California: Part One

astronomy, phd, travel
Well, it’s little over a fortnight since I was last in the US preparing for my return home. Wow, I can’t believe it wasn’t so long ago! Since that time we have had a large ash cloud grounding around 60% of European flights. I consider myself particularly lucky I am now back home (and on terra firma). I’ve been dying to write about my trip during and since then but time has not allowed there nor here. Now finally I can. 🙂
The couple of weeks I spent in the US went by remarkably quickly, though oddly slowly too and it seemed like I was there more like a month. It was a truly fantastic experience and one I will always remember. It was my first transatlantic flight (awww me!). It was a great opportunity for the benefit of my research and a great chance to network with those colleagues in my field. An important part of the trip was an observing run at Mount Palomar, near to San Diego, using the 200 inch telescope. It marked my first training opportunity for such a facility.

Being my first flight, I was not too sure exactly what to expect. I’m “used to” cheap airlines and generally flying on a Boeing 757, a much smaller aeroplane. I knew this would be a considerably larger plane but it still took me aback a little to the enormity it. The time aboard the plane was perhaps the most tiring. You can pass the time by so much with a book, a film, TV and music although enduring this for 10 hours in a contained environment is a little difficult. You try to sleep but it is difficult to. The most tiring but necessary thing is to stay up and then sleep at the destination’s night time, meaning you spend over 24 hours with no/little sleep. It is fascinating but rather terrifying to think about the volcano that is causing all this disruption to flights at the moment. In fact we flew fairly near to Iceland (in Icelandic airspace) and there was a definite turbulence around there and we heard that is was an effect of the volcano from someone, although it was nothing to worry about. I have been thinking how lucky I am to be back home since the first announcements of the ash cloud causing such disruption. The most enthralling part of my journey however was when we passed over Greenland and at the time we passed over the country, the shadow of the glaciers gave us a fascinating display of landscape from our altitude. I really wish I took pictures of that but it can prove somewhat difficult to access belongings on a plane. *sigh*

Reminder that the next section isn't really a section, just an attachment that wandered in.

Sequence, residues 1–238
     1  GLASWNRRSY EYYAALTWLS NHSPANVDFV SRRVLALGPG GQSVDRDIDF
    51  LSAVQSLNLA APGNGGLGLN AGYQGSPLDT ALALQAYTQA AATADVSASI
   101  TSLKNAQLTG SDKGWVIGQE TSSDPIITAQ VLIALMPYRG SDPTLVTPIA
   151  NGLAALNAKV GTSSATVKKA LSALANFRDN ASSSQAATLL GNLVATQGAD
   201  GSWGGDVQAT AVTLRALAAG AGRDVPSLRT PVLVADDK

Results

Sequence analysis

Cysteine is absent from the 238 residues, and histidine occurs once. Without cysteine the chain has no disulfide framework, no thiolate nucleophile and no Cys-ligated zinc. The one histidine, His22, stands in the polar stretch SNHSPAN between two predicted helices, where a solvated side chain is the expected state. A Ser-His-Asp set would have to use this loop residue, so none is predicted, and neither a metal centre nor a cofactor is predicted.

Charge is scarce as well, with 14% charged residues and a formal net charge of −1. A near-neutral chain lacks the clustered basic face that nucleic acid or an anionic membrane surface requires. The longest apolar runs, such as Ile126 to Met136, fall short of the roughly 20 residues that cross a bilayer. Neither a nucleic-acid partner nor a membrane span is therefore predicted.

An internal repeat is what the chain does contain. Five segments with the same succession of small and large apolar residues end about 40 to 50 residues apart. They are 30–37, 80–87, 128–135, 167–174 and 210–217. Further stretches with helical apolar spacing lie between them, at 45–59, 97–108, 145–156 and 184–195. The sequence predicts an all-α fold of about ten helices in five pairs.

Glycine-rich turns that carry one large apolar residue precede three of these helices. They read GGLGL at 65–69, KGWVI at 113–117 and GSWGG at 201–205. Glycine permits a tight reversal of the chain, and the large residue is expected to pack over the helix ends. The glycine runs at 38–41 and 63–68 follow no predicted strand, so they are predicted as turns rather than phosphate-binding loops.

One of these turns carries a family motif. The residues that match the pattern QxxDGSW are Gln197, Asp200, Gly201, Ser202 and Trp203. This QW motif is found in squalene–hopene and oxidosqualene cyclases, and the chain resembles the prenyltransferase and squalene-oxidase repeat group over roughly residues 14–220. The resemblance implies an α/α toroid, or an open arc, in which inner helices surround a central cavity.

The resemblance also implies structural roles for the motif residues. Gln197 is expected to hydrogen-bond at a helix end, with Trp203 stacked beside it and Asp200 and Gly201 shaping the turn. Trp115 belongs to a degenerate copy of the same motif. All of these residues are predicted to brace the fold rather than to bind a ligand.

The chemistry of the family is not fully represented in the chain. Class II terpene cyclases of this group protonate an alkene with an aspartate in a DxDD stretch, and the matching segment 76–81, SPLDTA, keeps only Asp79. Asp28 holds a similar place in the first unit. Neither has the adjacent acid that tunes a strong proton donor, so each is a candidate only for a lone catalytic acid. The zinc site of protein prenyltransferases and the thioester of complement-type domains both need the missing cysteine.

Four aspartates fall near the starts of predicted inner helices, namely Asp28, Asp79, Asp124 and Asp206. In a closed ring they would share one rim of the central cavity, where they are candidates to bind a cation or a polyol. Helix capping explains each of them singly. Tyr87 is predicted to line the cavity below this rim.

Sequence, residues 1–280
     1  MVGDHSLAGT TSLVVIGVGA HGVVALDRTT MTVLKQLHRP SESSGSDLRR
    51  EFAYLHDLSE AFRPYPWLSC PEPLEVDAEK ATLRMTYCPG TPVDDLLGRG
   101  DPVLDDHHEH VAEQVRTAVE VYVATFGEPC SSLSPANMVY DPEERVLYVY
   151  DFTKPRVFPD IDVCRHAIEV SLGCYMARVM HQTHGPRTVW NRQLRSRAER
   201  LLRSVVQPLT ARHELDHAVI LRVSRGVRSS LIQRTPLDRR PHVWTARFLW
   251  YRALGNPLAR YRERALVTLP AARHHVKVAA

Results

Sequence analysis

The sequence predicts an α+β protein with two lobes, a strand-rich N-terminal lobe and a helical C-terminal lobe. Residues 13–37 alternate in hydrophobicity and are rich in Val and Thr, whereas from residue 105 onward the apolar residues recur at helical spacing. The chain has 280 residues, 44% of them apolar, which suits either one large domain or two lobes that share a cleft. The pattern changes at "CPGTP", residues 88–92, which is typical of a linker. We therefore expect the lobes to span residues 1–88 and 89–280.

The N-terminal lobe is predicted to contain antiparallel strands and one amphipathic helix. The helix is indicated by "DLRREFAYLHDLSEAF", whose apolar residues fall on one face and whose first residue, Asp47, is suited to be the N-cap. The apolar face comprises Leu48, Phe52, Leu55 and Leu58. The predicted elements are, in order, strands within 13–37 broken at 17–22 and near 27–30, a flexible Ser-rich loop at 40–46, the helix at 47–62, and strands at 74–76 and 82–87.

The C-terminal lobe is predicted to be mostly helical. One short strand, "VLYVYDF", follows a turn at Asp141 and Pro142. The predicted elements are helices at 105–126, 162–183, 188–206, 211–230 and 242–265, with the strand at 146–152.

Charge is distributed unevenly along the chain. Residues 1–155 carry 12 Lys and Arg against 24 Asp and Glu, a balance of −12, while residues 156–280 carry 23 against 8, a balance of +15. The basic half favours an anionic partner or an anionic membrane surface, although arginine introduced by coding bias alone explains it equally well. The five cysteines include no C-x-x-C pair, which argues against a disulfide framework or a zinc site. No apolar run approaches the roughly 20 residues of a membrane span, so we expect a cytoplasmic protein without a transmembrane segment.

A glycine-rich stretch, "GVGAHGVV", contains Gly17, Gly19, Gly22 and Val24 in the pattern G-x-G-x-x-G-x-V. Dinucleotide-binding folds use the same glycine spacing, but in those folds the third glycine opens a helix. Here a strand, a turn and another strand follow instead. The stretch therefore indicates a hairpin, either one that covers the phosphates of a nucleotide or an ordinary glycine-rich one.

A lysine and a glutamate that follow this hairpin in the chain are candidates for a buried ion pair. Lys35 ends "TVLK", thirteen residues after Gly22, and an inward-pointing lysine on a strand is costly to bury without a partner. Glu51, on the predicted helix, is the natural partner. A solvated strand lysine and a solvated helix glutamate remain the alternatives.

The slightly annoying thing about the US was the requirement to fill visa waiver (ESTA) details not once, not twice but three times! First we filled out information on the website, then we ended up having to enter this on a display screen at the airport. After those couple of times we had to still fill out the same form to then hand to the immigration desk. It still confuses me to this day, why exactly we had to do that. Oh well.

So….I landed in the United States…and wow, what stunning weather. Most days I spent there the skies remained blue without a single cloud, the sun was shining and it was nice and warm (and mostly not too hot). One morning it really poured it down with rain and it seemed like prospects for the coming weekend for our observing would not be so favourable. Pasadena, where I stayed on the most part, is a great city with a good atmosphere and the surrounding areas, the views of the mountains and the palm trees were stunning.

A stop by The Cheesecake Factory wouldn’t be complete while in Pasadena. After all, this is the company Penny (from The Big Bang Theory) works for and being a big fan of the show it was great to see.

The majority of my time was spent at NASA’s Jet Propulsion Laboratory (JPL). I am thankful to Prof. Paul Weissman, our host for the entire trip for his time while at JPL. I mostly spent my time preparing for our observing run. I spent my time in preparation for that, determining which comets are best observed for the time we need and generating finder charts for those. My job is pretty much leading to take hold of data from a large programme called SEPPCoN (Survey of the Ensemble Physical Properties of Cometary Nuclei) which will form the bulk of my thesis and this observing run was part of that.

On one of the days Paul gave us the tour of the lab. It was a privilege to be shown around by an experienced scientist how has worked at the lab for over 35 years to give me an inside tour. It was truly remarkable to see the facilities…from the control room to the clean rooms and exhibitions.


Control room for the Deep Space Network, the Voyagers, Cassini Equinox, Mars Reconnaissance Orbiter and SOHO, amongst others.


The most awe-inspiring things to see were a scale model of the Mars rover, Spirit stuck on Mars and the development and construction of the Mars Science Laboratory due to be launched in Autumn of this year. For Spirit, I feel it was such a rare opportunity to see a scale model of the rover at its particular angle on the surface of Mars – truly phenomenal.

To the left is a full-size model of the Mars Science Laboratory (also known as Curiosity) to be launched later this year. The MSL rover will be over five times as heavy and carry over ten times the mass in scientific instruments as the Spirit or Opportunity rovers! It will be set down on the Martian surface using a new high-precision entry, descent, and landing (EDL) system in a guided entry and parachute and thruster descent.

To the right is the Mars Science Laboratory under construction at JPL.

(See more of my pictures from JPL!)

As well as JPL, I was able to visit many other sites (too many to go through in one blog post). The most important part of our trip was our observing run at Mount Palomar which I shall speak about in my next post amongst other things.

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